Page 605. " Ya salimos "

This is a reference to 'Viva la Quince Brigada', a song sung by the Lincoln Battalion, an American volunteer group, during the Spanish Civil War. The music comes from an old Spanish folk tune, and the lyrics refer to the battle at Jerama Valley:


En los frentes de Jarama
Rumbala, rumbala, rum-ba-la (repeat)
No tenemos ni aviones
Ni tanques, ni canones, ay Manuela! (repeat)
Ya salimos de Espana
Rumbala, rumbala, rum-ba-la (repeat)
Par luchar en otros frentes
Ay Manuela, ay Manuela!
At Jarama we are standing
Rumbala, rumbala, rum-ba-la
And we have no planes above us
Not a tank, nor any canons, ay Manuela!
We have left the Spanish trenches
Rumbala, rumbala, rum-ba-la
To fight the Fascists where we find them
Ay Manuela, ay Manuela!
Page 615. " O-or how about mixing in something that will actually dissolve in the rain? "

This is a reference to The Man in the White Suit, a 1951 Ealing Studios comedy, in which the protagonist invents an incredibly resilient new type of fabric that runs him into trouble with both trade unions and wealthy mill owners. Though the fabric won't stain or wear out, it turns out it does dissolve in the rain.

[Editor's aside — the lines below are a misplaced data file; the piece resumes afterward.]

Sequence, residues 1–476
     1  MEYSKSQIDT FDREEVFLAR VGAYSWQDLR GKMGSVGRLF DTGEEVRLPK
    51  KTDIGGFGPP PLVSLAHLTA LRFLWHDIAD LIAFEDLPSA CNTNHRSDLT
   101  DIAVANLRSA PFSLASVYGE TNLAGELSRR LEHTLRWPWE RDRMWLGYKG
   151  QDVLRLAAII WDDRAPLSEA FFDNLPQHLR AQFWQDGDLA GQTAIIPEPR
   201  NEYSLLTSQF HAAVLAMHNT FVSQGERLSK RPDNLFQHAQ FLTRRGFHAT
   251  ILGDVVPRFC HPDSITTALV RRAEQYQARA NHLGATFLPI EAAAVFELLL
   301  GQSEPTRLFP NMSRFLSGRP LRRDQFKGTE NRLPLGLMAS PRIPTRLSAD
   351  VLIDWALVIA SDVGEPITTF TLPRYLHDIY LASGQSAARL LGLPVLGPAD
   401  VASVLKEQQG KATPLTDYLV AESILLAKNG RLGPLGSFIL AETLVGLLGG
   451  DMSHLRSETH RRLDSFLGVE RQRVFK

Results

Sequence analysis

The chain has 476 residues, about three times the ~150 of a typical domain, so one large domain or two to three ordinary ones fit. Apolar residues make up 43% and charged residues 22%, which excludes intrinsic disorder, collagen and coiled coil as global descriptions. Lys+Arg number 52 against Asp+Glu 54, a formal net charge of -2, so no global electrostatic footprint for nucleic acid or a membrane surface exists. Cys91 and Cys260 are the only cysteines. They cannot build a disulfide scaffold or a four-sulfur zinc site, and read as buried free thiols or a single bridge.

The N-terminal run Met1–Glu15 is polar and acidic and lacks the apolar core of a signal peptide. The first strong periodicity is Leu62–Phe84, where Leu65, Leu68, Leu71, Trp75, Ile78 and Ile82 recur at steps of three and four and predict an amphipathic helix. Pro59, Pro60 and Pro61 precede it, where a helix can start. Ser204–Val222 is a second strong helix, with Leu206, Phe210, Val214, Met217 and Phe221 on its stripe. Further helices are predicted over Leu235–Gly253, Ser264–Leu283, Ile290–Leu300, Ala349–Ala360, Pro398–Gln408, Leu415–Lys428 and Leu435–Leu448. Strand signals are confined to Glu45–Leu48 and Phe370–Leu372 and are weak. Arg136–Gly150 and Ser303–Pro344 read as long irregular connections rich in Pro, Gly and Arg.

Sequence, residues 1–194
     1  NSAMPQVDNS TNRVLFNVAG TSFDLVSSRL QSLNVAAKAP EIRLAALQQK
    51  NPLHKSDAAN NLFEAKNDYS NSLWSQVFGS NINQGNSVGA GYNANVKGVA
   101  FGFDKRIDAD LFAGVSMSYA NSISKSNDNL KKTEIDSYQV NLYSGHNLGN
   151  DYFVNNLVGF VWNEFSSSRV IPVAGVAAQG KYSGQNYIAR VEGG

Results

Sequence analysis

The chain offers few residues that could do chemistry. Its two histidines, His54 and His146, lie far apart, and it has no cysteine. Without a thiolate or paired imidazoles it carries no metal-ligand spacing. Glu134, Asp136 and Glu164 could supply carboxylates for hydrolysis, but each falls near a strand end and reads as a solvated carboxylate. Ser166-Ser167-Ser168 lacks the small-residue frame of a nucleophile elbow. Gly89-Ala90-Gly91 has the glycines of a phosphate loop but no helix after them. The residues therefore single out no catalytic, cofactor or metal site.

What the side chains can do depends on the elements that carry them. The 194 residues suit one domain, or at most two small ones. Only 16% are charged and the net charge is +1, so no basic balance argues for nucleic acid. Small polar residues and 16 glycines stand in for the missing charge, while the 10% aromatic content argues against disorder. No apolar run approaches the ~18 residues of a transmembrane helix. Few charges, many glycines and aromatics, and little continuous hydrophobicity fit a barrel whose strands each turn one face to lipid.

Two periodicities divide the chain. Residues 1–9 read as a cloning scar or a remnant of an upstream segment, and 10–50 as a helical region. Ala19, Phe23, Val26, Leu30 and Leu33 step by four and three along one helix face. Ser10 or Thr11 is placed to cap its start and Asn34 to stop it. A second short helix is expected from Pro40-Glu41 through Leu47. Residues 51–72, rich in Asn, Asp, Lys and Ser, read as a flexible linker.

Page 617. " What? - Richard M. Nixon "
Official White House portrait of President Nixon
Public DomainOfficial White House portrait of President Nixon - Credit: White House photo office

This epigraph was added to the novel at the last minute, replacing a quote from the Joni Mitchell song 'Cactus Tree'. It was meant to insinuate President Nixon's guilt in the Watergate scandal.

At the time of the novel's publication, Nixon was facing investigation over whether he was involved in a Republican plot to break into the Democratic party headquarters in the Watergate complex during the 1972 Presidential election, or whether he had organised a cover-up of the crime. By 1973, Nixon was facing increasing pressure, and was forced to dismiss two close aides, H.R. Haldeman and John Erlichman, as well as White House Counsel John Dean.

It became apparent in that year that Nixon had a habit of recording all conversations and meetings at the White House, and these recordings were subpoenaed by the special prosecutor and the Senate. Nixon refused to release them, but by 1974 he was forced to hand them over at the behest of the Supreme Court. One tape clearly revealed Nixon learning of the break-in a few days afterward and discussing means of blocking any investigation. It demonstrated that Nixon had lied in his denial of knowledge prior to March 1973 and denial of political motivations in his instructions to the CIA to falsely claim national security was at risk because of the investigation.

Facing impeachment, President Nixon resigned in August 1974.